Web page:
Dropping cable in favor of streaming services has become increasingly popular. Traditional pay television has already lost 1.82 million paying customers through three quarters, an increase over the 1.49 it lost last year in its entirety.
In fact, since 2014 the cable universe has shrunk from 95.2 million households to 90 million as of the third quarter. And when you look a little closer the reality is worse for big cable: Another 4.2 million customers have switched to cheaper "skinny" bundles delivered over the internet, which are less profitable for the companies offering them.
On the surface this is a financial win for consumers. In some cases, people are trading in cable bills of over $100 for a Netflix (NASDAQ:NFLX) subscription that costs $10.99 a month. That's a clear savings (even if the internet provider raises the price of broadband).
But not every -- maybe even not many -- consumers manage to pull off this sort of swap. Many cord-cutters (especially the 4.2 million paying for streaming cable-like services) still want their favorite channels, but they don't want to pay for the ones they don't watch. That creates a problem that will have consequences for the entire TV viewing universe.
The collapse of cable communism
On the surface, it's easy to get behind the idea that people should only pay for the channels they watch. But that's not how the current cable system works. In most cases, people pay for tiers of service -- maybe to get access to Food Network you need to buy a package that includes ESPN 2, which you never watch.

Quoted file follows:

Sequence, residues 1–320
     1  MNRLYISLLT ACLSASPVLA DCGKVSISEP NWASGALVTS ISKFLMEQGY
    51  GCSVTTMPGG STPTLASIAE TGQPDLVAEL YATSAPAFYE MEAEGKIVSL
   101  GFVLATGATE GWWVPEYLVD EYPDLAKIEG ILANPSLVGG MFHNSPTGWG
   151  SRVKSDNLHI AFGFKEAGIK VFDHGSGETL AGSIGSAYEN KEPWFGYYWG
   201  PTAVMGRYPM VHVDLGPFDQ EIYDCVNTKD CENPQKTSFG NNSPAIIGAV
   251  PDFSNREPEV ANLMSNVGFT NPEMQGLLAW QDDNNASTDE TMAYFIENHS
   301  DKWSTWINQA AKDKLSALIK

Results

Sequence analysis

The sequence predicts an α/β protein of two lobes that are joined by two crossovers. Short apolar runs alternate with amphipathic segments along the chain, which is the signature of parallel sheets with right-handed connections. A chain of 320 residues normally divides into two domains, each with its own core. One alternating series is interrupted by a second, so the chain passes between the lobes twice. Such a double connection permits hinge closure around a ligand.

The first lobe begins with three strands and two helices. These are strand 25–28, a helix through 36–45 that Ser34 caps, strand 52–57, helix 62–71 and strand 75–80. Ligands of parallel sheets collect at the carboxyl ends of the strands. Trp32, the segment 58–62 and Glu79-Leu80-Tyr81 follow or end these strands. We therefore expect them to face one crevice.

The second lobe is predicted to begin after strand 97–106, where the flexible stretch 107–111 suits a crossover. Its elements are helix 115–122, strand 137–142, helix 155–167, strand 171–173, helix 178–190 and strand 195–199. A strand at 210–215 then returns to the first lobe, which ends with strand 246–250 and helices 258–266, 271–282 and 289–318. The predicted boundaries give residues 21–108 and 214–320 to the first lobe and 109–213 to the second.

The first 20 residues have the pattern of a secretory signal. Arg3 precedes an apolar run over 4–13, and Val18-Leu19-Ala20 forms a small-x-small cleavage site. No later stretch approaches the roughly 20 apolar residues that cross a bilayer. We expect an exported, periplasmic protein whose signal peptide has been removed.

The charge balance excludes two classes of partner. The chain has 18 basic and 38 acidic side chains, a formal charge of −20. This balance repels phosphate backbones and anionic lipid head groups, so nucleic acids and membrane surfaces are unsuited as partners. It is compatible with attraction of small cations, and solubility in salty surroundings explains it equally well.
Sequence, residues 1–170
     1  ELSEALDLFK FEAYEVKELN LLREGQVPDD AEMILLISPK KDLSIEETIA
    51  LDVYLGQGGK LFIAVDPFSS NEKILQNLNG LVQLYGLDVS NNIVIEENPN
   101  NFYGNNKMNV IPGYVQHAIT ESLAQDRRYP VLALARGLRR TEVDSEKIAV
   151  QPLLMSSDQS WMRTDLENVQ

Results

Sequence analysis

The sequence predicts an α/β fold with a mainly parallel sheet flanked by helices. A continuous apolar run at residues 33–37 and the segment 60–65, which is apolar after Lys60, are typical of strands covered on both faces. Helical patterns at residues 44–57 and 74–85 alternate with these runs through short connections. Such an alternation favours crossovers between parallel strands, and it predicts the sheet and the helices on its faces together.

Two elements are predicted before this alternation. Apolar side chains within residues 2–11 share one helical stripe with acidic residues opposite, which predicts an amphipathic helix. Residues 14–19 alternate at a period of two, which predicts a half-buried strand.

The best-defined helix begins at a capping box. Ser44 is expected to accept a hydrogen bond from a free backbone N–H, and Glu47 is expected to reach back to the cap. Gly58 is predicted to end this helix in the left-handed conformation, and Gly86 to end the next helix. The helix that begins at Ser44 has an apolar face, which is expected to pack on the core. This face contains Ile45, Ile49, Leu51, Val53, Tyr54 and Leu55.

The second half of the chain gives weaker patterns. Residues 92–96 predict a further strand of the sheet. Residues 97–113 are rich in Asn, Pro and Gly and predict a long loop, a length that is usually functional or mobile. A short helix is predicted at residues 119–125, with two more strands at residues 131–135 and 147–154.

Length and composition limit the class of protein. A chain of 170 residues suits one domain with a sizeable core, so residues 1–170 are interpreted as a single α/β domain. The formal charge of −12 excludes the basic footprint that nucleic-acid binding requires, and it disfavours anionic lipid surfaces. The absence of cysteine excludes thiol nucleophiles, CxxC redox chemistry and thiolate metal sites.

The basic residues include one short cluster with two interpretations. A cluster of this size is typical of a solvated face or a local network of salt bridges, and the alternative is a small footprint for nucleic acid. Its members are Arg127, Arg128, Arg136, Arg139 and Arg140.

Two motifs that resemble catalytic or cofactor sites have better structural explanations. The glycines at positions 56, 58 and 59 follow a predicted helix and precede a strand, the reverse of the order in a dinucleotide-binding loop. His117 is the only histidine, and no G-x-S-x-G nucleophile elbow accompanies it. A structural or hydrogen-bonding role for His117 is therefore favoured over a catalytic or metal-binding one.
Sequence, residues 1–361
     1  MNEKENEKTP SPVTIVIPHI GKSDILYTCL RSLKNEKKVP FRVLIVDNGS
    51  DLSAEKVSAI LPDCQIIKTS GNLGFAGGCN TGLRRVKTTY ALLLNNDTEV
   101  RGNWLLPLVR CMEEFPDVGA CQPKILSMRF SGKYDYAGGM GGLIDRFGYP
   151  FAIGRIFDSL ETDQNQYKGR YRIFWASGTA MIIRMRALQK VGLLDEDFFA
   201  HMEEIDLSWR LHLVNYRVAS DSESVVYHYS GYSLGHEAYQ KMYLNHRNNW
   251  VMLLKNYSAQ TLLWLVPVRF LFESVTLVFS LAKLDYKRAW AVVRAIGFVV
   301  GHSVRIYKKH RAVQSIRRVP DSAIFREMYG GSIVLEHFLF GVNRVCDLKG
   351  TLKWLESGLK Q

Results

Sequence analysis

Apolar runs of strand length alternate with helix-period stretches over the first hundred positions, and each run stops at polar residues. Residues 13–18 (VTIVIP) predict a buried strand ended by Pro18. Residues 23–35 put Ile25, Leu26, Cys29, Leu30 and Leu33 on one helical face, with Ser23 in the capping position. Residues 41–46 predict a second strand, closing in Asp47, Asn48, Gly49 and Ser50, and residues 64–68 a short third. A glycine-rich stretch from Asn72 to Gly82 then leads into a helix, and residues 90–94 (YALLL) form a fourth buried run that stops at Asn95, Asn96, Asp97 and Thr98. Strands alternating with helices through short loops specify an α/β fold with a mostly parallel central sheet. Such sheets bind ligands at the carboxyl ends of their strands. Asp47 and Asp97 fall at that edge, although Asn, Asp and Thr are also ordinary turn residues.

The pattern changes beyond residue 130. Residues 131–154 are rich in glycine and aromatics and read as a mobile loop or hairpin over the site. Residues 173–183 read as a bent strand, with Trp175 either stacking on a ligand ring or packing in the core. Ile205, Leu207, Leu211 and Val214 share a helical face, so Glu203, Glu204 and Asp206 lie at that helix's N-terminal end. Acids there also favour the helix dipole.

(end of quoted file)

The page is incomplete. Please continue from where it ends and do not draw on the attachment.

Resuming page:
It seems logical that you should be able to opt out of the channels you don't want. The problem is that each cable subscriber pays a fee (anywhere from a few cents to a few dollars for the most-popular channels) for each channel. If people only paid for what they watched, many smaller channels would not be able to afford to operate, and many bigger ones would have to do with less.
Food Network and ESPN 2, as examples, would either have to charge more per customer (which would cause more people to drop them) or spend less on programming. Marginal channels might vanish entirely. You may like watching old videos on MTV2, but would you opt-in to pay even $1 to do so?
It's already happening
Cable companies have already begun taking steps to lower their own costs. So far, this has only hurt very marginal stations like Fuse and BeIN sports, which have lost carriage deals (and the few cents those channels got for each subscriber lost). Consumers aren't likely to balk at the loss of either channel (though BeIN does have some niche sports content like Major League Wrestling, which has a small but devoted audience).
They will, however, be affected when the loss of revenue impacts more important channels. That could mean ESPN passing on the rights to a major sport, or secondary channels either going away or moving to a higher-priced tier.
Forcing cable customers to subsidize each other's favorite channels creates more choice. Allowing a la carte purchases or skinny bundles will result in less choice for everyone. Again, that's not a problem for the person happy to just watch Netflix; but for people who still want a cable-like package, you not wanting to pay for my favorites and me not wanting to pay for yours means we both will likely lose channels, or at least programming we enjoy.